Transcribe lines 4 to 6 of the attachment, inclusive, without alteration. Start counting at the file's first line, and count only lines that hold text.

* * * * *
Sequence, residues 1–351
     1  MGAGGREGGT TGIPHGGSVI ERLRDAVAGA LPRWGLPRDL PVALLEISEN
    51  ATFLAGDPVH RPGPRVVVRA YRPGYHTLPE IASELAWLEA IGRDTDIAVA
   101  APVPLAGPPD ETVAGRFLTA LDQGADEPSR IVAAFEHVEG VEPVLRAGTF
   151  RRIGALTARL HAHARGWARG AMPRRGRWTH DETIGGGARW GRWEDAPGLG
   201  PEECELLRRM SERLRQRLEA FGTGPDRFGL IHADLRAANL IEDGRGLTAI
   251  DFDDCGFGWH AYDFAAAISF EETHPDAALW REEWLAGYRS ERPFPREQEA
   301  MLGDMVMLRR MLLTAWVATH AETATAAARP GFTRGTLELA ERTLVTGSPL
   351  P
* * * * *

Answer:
   101  APVPLAGPPD ETVAGRFLTA LDQGADEPSR IVAAFEHVEG VEPVLRAGTF
   151  RRIGALTARL HAHARGWARG AMPRRGRWTH DETIGGGARW GRWEDAPGLG
   201  PEECELLRRM SERLRQRLEA FGTGPDRFGL IHADLRAANL IEDGRGLTAI